With its catchy, watery guitar multitracks rising to a slashing peak, A Solo to Mars looks back to early New Order before they went all synthy. Bell’s rainswept, wounded vocals glisten throughout the album’s best track, the melancholy country ballad Who Gets to Name the Name, Bob Hoffnar’s pedal steel soaring in the background against spiky reverb guitar accents.

The epic Wizard Liar is a growling psychedelic soul groove as the Dream Syndicate would do it – but with hints of dub reggae and a woman out front. The final two tracks – both the spare, acoustic It’s Growing In Your Mouth and the achingly bucolic Swan, with violin by Justin Scheibel, piano from Zac Traeger, theremin by Blair Bovbjerg, and Thor Harris on vibraphone – reflect the breakup of Bell’s “love affair with her trailer,” moving back from the boondocks to Austin. It’s both a good capsule history of Bell’s wide-ranging vision and a great late-night immersive listen.

Trippy, Kinetic, Lavishly Orchestrated Sounds and an Alphabet City Gig by Gadadu

Gadadu are sort of a slower My Brightest Diamond, or a more soul-influenced Arc Iris. Strings shimmer and shine, layers of acoustic and electronic keys mingle and echo, and the songs on their new album Outer Song – streaming at Bandcamp – don’t follow any standard verse/chorus pattern. They’re bringing their lush, often hypnotic art-rock swirl and pulse to an intimate gig at the Treehouse at 2A on Oct 26 at 10ish. Be aware that there’s a $12 cover.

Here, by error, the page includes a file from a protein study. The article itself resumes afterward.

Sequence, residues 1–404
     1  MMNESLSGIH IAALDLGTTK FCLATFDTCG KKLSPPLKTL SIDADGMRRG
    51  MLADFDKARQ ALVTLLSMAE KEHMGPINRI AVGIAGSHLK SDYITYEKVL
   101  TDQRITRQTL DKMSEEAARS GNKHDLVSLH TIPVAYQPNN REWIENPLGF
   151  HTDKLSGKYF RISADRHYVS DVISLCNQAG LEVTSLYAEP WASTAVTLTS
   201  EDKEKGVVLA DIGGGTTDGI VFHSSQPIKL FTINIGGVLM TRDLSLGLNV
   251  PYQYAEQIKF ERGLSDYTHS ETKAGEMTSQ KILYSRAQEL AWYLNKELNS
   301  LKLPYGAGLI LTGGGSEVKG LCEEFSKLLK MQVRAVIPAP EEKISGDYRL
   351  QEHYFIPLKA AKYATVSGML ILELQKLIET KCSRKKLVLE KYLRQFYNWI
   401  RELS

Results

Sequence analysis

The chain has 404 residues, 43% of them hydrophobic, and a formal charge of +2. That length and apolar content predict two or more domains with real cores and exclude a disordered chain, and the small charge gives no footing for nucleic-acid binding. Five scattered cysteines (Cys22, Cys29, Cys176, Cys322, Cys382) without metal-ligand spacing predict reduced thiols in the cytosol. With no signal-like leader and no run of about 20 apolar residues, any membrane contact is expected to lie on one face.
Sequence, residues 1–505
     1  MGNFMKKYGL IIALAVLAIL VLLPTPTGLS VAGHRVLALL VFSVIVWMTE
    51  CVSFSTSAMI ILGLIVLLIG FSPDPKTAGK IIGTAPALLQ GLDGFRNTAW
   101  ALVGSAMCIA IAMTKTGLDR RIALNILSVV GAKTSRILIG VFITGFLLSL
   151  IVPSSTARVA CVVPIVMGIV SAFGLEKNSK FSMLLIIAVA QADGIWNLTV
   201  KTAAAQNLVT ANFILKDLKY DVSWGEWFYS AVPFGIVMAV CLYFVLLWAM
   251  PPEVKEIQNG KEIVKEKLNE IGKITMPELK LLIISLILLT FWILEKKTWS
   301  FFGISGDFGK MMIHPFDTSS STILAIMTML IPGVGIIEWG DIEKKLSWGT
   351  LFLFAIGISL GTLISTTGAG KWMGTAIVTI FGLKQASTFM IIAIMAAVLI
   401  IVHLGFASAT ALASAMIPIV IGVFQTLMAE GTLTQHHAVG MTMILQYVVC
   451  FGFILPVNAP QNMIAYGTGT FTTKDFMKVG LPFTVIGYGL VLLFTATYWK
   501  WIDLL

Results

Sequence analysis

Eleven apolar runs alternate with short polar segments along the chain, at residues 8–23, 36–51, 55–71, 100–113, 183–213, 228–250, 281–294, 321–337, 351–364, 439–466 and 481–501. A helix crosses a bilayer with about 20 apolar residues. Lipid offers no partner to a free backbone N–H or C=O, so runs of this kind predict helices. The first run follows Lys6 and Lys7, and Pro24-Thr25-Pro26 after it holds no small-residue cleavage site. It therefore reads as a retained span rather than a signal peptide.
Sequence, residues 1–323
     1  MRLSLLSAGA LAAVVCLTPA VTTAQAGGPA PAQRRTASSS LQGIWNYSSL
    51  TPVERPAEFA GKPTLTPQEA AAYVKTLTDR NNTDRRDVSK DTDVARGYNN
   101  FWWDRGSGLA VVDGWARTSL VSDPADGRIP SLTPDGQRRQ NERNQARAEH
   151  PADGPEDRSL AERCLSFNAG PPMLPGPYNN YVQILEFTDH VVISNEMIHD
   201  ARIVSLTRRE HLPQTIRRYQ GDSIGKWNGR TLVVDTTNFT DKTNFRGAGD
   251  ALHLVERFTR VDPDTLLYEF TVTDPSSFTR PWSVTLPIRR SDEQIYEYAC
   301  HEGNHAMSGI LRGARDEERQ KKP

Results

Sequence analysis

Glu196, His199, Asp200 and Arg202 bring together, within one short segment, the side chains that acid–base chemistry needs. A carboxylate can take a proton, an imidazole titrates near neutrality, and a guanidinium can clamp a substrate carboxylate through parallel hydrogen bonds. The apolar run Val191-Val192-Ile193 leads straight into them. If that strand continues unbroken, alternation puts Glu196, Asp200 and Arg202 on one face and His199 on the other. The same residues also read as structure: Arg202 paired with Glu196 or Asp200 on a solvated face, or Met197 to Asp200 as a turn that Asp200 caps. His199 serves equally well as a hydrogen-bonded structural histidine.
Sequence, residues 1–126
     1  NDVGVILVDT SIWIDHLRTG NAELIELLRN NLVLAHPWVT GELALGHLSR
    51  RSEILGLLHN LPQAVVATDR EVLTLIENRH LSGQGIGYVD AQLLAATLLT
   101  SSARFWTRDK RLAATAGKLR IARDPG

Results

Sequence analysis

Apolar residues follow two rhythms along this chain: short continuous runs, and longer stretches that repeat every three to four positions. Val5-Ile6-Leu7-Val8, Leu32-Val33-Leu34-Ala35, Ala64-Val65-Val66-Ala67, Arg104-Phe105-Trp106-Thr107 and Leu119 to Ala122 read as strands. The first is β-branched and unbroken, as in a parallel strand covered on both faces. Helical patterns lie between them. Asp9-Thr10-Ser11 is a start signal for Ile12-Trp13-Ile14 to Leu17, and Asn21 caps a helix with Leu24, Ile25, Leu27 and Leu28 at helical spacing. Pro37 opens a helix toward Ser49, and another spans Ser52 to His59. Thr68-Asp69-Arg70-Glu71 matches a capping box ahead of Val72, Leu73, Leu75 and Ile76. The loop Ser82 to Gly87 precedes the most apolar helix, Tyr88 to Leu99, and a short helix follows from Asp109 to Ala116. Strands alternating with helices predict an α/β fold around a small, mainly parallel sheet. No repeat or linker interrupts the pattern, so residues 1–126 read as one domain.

When’s the last time you heard a majestically string-fueled trip-hop anthem with a prepared piano solo? That’s the opening track, The Lion, Nicki Adams supplying that alongside blippy electric piano, the Rhythm Method String Quartet providing the sheen above frontwoman/violist Hannah Selin’s cutting, slightly acidic vocals.

Exquisite Corpse is a coy funhouse mirror pastiche shifting suddenly and unexpectedly between psychedelic soul, a New Orleans groove, kinetic My Brightest Diamond art-rock, and trip-hop. Patrick Adams’ trumpet wafts and then blazes through the cloudbanks of orchestration.

The cover of the Beatles’ Julia is an odd choice, but the ensemble redeem themselves with both psychedelic and orchestral touches, drummer Arthur Vint propelling the group to greater heights than Paul McCartney probably ever imagined.

Selin’s pizzicato viola sparkles in tandem with her enticing vocals and the electric piano as the simply titled Life gets underway, shifting between a scurrying brightness and enveloping atmospherics. Tony Park’s clarinet contrasts with dancing, pointillistic keys amid the washes of strings in Makeshift Constellations, which could be a lavishly orchestrated early Linda Draper tune.

Chided has some of the album’s most striking, swelling and shivery orchestration: it’s the mightiest  track here, deflecting subtly into a bossa-inflected groove with the trumpet soaring overhead.

Selin’s playfully abstruse lyrical imagery reaches a savagely allusive focus in Train Blues:

Sold to brand-new folksy lemon daffodils with sorbet
Snooked-out lofts ate octopus allowed by the free trade-owned
Whistle for the wind to take me on a journey
Sand and feelings fly, the draft is in a hurry
Take me off this train

Its towering sway and dissociative train-terminal sonics bring to mind singer/keyboardist Sara McDonald’s mighty NYChillharmonic. Daniel Stein’s bass rises gracefully to puncture the swirl in the album’s final cut, Bay Songs, an ensemble of cellist Valeriya Sholokhova, violinists Sana Nagano and Gabe Valle and clarinetist Hila Zamir supplying alternately vast and stark dynamics. There’s a lot to get lost in here.

Elegant, Serpentine Chamber Pop with the String Orchestra of Brooklyn